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Little finger

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Title: Little finger  
Author: World Heritage Encyclopedia
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Subject: Lee Redmond, Flexor digiti minimi brevis muscle (hand), Extensor digiti minimi muscle, Finger, Ring finger
Collection: Fingers
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Little finger

Little finger
Little finger
Details
Latin digitus minimus manus,
digitus quintus manus,
digitus V manus
Proper palmar digital arteries,
dorsal digital arteries
Palmar digital veins,
dorsal digital veins
Dorsal digital nerves of ulnar nerve
supratrochlear
Dorlands
/Elsevier
d_18/12296668
Anatomical terminology

The little finger, often called the pinky in American English, pinkie in Scottish English (from the Dutch word pink, "little finger"), or fifth digit in medicine, is the most ulnar and usually smallest finger of the human hand, opposite the thumb, next to the ring finger.

Contents

  • Muscles 1
  • Cultural significance 2
    • Gestures 2.1
    • Rings 2.2
  • References 3
  • See also 4

Muscles

There are nine muscles that control the fifth digit: Three in the hypothenar eminence, two extrinsic flexors, two extrinsic extensors, and two more intrinsic muscles:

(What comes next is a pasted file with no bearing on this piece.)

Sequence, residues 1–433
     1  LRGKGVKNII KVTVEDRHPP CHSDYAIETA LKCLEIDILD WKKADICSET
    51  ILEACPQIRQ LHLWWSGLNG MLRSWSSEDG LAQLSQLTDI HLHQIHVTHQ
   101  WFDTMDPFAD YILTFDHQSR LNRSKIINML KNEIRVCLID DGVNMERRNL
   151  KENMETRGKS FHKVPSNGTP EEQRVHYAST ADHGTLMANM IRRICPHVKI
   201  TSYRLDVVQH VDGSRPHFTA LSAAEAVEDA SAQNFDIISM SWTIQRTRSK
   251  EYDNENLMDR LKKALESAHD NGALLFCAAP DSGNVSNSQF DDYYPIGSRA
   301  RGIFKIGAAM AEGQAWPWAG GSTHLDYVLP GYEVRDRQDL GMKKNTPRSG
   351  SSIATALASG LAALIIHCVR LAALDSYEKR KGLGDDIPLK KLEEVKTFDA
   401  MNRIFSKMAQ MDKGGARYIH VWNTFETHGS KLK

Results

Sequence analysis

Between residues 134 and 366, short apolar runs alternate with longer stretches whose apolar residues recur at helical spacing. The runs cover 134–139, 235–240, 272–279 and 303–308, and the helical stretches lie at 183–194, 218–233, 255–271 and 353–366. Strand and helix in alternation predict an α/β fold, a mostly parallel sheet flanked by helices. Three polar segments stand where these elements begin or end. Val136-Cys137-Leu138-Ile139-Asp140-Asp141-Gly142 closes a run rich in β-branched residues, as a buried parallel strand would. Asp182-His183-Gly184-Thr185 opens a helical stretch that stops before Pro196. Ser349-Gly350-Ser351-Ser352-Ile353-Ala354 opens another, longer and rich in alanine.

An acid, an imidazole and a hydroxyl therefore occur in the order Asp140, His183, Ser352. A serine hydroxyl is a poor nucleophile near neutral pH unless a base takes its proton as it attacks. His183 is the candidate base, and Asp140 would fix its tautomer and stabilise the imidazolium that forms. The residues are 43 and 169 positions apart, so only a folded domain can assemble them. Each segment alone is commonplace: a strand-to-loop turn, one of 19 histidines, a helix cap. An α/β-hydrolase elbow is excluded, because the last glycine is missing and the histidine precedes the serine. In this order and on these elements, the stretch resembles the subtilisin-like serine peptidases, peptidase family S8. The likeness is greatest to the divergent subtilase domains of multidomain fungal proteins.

Note: the dorsal interossei of the hand muscles do not have an attachment to the fifth digit

Cultural significance

Gestures

A pinky swear

A pinky swear or pinky promise is made when a person wraps one of their pinky fingers around the other person's pinky and makes a promise. Traditionally, it's considered binding, and the idea was originally that the person who breaks the promise must cut off their pinky finger. In a similar vein, among members of the Japanese yakuza (gangsters), the penalty for various offenses is removal of parts of the little finger (known as yubitsume).[1]

Rings

The Iron Ring is a symbolic ring worn by most Canadian engineers. The Ring is a symbol of both pride and humility for the engineering profession, and is always worn on the little finger of the dominant hand.

In the United States the Engineer's Ring is a stainless steel ring worn on the fifth finger of the working hand by engineers that belong to the Order of the Engineer and have accepted the Obligation of an Engineer.

References

  1. ^ Hill, Peter B. E.: "The Japanese Mafia: Yakuza, law, and the state", p. 75. Oxford Univ. Press, 2003

See also


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